A couple ago, I made some remarks regarding attachment parenting in my post on Raising an Optimistic Child book that an esteemed author of The Wonder Years replied in her comment. I thought that I will write a post with my views on attachment parenting, and now finally I have 30 min to do so.
Even before Anna was born, I read multitude of books on child development and raising young children. As I mentioned before, I like to know my theory before even attempting practice, and being an only child, I had very little exposure to babies before my own unexpectedly came along. As I was reading, it quickly became obvious that "the theme du jour" in parenting advice world is "attachment parenting". It mostly applies to children in the first year of life and stresses physical closeness between a mother and her child - breastfeeding, babywearing and co-sleeping.
It's not that I disagree with an importance of close relationship between a mother and her baby. What I disagree with is a sort of doomsday scenarios that some of these books and articles picture. It sounds sometimes that your children will be somewhat "damaged" unless you follow the gospel of attachment parenting. I know women that were depressed just because they didn't have a perfect birth prescribed by attachment parenting and insisted that now they will be unable to bond with their infants properly.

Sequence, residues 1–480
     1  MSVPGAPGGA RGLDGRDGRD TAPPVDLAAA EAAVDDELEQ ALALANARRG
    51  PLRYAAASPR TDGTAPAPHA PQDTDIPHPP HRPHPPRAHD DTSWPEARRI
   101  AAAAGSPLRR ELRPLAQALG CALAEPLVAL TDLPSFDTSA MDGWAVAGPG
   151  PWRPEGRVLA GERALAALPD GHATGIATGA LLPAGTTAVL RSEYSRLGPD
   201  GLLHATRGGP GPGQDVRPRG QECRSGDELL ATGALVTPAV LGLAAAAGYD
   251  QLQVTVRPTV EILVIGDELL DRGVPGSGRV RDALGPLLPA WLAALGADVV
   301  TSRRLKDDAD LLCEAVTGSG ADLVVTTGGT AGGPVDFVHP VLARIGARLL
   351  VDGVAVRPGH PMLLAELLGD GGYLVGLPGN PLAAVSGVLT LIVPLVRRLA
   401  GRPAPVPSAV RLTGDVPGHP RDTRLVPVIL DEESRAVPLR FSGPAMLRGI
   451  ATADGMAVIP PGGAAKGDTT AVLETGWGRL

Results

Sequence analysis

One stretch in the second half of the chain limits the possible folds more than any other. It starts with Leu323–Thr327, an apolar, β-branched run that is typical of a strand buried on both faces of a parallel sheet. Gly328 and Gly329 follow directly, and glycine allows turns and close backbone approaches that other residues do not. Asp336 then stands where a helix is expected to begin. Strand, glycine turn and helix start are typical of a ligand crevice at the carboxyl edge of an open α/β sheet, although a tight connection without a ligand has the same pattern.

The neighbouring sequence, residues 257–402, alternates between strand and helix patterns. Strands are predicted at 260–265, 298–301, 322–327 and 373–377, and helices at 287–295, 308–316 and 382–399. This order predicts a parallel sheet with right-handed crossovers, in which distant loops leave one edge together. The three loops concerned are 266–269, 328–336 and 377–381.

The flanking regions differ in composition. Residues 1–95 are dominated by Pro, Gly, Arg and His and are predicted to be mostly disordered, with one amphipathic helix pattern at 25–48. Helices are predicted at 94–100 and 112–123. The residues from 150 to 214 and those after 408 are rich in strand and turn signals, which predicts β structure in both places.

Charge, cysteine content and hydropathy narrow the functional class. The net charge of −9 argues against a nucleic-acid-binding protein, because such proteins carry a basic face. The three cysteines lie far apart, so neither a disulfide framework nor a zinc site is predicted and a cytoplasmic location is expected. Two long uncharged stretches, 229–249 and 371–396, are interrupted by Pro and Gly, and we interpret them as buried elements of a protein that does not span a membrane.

I already profiled "Baby Whisperer" book earlier in my posts, and that was the book that really meshed with my own view of parenting. I think it can be described as "common sense parenting". I followed the premise of that book - think of what you want and don't start on the road where you don't want to be. So, we never co-slept, because I wanted to still have a bed with my spouse, not a family bed. I never wore my baby - I have some back problems, and I couldn't find anything that was comfortable both for me and for Anna (Interestingly, my husband loved Baby Bjorn, and Anna spent a lot of time there while he was running errands or hiking with her). I breastfed my daughter for the first 15 months of her life and didn't mind the fact that she didn't sleep through the night until 18 months. That was who she was, and I accepted that as part of her. I went back to work full time, when she was 3 months old, and my husband took full-time parenting responsibilities confidently and successfully. We never had to "sleep-train" her, to break her out of pacifier (never gave her a pacifier), to potty train her in three days (a subject of a separate post). We never baby-proofed our house. We just paid enough attention to our child and taught her not to touch things that were "not her toys". So far I am happy with the results. Our daughter seems to be healthy and happy. She is introverted (not shy, just prefers to play by herself), but she interacts well with her peers in preschool, and she seems to be securely attached without all the "necessary" ingredients of attachment parenting. We just connected to who she is and responded to what she needed - love with firm boundaries.